Dr. David Vishanoff, a religious studies professor at the University of Oklahoma, talks about how tools created by Exaptive are opening up possibilities.
As a religious studies professor at the University of Oklahoma, Dr. David Vishanoff used to pore through hundreds of books a year for his research. Now he analyzes hundreds of thousands.
His Quranic scholarship has blossomed thanks to a project engineered by Exaptive Inc., a big data startup firm in Oklahoma City.
“Clearly it’s opening up the list of titles I have to work with, to include works and perspectives I could not encounter myself on the ground in Indonesia,” he said. Though his research is far from complete, Vishanoff said he is already starting to trace the arcs of interpretation. For example, in Indonesia, long considered one of the best sites for Islamic scholarship, the literature tends to emphasize social issues, and not necessarily methods of interpretation, which surprised him.
Frank Evans, a data scientist at Exaptive who works on the project, said it took almost a year to build and test the tool, which includes a database of 2,000 classic Arabic texts, congressional records, and the WorldCat library bibliography system. Soon, the group plans to scan in hundreds of Vishanoff’s physical books as well.
“We are building tools that facilitate the people who do know how to do the research to be able to do it far more effectively,” Evans said.
David King, the founder of Exaptive, said he got the idea for the company years ago when he worked as a young software engineer for SynQor in the late 1990s. The company manufactured high-efficiency power supplies and finally got a big contract from Hewlett-Packard to deliver a hundred units after another supplier had an issue.
HP was furious, however, when two of the three products failed in testing. King said the company kept meticulous data on its manufacturing process and within a day was able to trace the problem back to a vendor who had supplied a faulty part in three units. King said HP didn’t believe they had identified the problem, because no vendor had ever traced an issue so quickly.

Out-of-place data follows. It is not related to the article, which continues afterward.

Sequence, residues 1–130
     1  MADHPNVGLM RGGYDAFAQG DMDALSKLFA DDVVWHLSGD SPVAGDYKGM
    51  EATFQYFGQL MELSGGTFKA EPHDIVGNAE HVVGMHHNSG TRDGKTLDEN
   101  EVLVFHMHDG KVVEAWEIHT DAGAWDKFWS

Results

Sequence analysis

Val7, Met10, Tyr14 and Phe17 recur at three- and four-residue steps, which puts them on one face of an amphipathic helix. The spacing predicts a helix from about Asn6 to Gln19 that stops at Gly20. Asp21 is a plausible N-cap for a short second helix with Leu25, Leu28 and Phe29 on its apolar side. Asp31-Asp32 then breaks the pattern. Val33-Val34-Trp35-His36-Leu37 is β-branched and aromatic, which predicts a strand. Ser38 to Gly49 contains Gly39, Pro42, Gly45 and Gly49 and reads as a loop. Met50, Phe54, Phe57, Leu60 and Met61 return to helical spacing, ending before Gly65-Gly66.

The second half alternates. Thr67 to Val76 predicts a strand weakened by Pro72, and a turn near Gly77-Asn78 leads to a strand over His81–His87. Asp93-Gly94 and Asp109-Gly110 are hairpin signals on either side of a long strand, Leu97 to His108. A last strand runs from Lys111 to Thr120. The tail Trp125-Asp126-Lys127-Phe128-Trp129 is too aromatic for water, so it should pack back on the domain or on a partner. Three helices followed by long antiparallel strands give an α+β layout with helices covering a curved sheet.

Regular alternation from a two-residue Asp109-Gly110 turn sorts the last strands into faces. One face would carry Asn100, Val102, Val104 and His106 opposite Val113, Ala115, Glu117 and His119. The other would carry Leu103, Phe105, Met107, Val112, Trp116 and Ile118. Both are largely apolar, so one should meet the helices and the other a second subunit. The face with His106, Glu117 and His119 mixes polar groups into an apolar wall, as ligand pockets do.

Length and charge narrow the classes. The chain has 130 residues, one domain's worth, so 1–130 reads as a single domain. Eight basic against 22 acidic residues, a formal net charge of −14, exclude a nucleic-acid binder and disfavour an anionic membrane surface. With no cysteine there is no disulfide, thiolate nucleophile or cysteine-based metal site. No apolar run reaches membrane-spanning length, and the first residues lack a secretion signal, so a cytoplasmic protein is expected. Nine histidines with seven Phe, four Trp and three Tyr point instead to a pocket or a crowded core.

King founded Exaptive in 2011 in Boston. When his wife, Deonnie Moodie, got a professorship at OU in 2014, King said, he was hesitant to move his company, which had mainly Massachusetts clients. But when he saw the state’s eagerness to diversify its job growth, he changed his mind.
“When I got to Oklahoma City, what I found was a burgeoning entrepreneurial ecosystem that was very exciting to be part of. And I decided this was a great place to continue to grow Exaptive,” he said.
King declined to cite revenue numbers for his private company, but said it has quadrupled in size since arriving in Oklahoma. The company had six people when it moved west and has hired approximately 10 people in the past 15 months.
Mark Smith, a big data architect consultant at Sonic Drive In, co-founded the Oklahoma City Big Data Meetup in July 2014. He said that, since then, interest has boomed: the group regularly gets about 25 members for the events it holds the first Thursday of every month at the Oklahoma Blood Institute Building on Lincoln Boulevard. Smith said engineers from local companies such as Devon, Chesapeake and Hobby Lobby come to network and learn new techniques.
On the business side, Smith said, engineers discuss ways to use information to make better decisions. For example, at Sonic, Smith’s team uses data gathered from 30 to 40 small computers at 3,000 sites. When a customer orders an entree on a touch-screen or app, Sonic can offer different side orders based on the items that usually sell well with that entree. Or they can offer something else instead when it’s hot and there isn’t much demand for spicy food.
They also engineer ways to make databases secure yet accessible. Smith said often there is so much data that storing it all becomes expensive and the company has to decide which chunks should be available for ready analysis and which to access later.
Data sciences have been equally prominent in Oklahoma City, Smith said. That’s the use of data for research purposes to predict future events. For example, the group recently featured Matthew Schroyer, who is gathering and analyzing earthquake numbers.
Back at OU, Vishanoff’s goal is to write a book this summer with what he’s learned. He said the Exaptive tool still needs some work to get the bugs out, but as of last month it has finally come to the point where he can use it for research.
“The hope is to make this the kind of tool that everyone can use five, 10 years from now,” Vishanoff said. “It’s the one digital humanities project where everyone says, ‘Oh! I could use that.’”